Everyone loves a hero. Save someone from a burning building, and you’ll get your fifteen minutes of fame. That’s why I’m always surprised that more people don’t know Norman Borlaug, who would have celebrated his 104th birthday on Sunday. He won the Nobel prize in 1970 and there’s good reason to think that his hacking efforts saved about a billion people from starving to death. A billion people. That’s not just a hero, that’s a superhero.
To understand why that claim is made, you have to go back to the 1970s. The population was growing and was approaching an unprecedented four billion people. Common wisdom was that the Earth couldn’t sustain that many people. Concerns about pollution were rampant and there were many influential thinkers who felt that we would not be able to grow enough food to feed everyone.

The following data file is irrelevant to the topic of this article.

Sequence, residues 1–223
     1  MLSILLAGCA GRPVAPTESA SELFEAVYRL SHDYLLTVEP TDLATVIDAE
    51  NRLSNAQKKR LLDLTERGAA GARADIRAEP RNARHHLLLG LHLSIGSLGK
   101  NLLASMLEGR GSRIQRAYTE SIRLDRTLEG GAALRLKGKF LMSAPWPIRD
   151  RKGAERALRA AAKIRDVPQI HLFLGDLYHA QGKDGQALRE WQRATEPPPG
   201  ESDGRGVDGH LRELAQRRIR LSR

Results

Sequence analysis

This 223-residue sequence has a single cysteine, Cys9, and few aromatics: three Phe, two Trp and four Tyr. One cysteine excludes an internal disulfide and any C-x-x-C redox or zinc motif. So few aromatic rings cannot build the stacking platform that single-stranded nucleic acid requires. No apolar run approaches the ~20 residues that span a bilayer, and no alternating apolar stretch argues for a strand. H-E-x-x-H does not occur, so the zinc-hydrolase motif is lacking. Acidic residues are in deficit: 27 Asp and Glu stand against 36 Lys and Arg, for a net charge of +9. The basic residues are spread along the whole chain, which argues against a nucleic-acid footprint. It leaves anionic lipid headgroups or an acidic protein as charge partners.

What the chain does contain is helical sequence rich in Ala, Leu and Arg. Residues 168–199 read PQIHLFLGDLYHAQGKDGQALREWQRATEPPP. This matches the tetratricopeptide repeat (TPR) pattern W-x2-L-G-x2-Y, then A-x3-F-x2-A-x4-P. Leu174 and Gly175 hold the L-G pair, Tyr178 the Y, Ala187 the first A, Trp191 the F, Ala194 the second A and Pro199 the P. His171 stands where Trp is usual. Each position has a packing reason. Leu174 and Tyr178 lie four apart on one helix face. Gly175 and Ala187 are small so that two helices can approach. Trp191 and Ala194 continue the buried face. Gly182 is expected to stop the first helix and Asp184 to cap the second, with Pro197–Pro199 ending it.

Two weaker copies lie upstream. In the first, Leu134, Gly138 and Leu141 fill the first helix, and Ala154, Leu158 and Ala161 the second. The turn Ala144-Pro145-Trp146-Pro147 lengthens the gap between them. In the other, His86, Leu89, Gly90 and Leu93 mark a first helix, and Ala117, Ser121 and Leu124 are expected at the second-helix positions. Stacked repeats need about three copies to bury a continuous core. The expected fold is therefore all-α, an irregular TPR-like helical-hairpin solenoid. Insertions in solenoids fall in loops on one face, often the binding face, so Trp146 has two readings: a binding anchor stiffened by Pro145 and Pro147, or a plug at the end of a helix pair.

Paul Ehrlich, in particular, was a Stanford University biologist who wrote a book “The Population Bomb.” His forecast of hundreds of millions starving to death in the 1970s and 1980s, including 65 million Americans, were taken very seriously. He also predicted doom for India and that England would not exist by the year 2000.
Here we are 40 or 50 years later and while there are hungry people all over the world, there isn’t a global famine of the proportions many people thought was imminent. What happened? People are pretty good problem solvers and Norman Borlaug — along with others — created what’s known as the Green Revolution.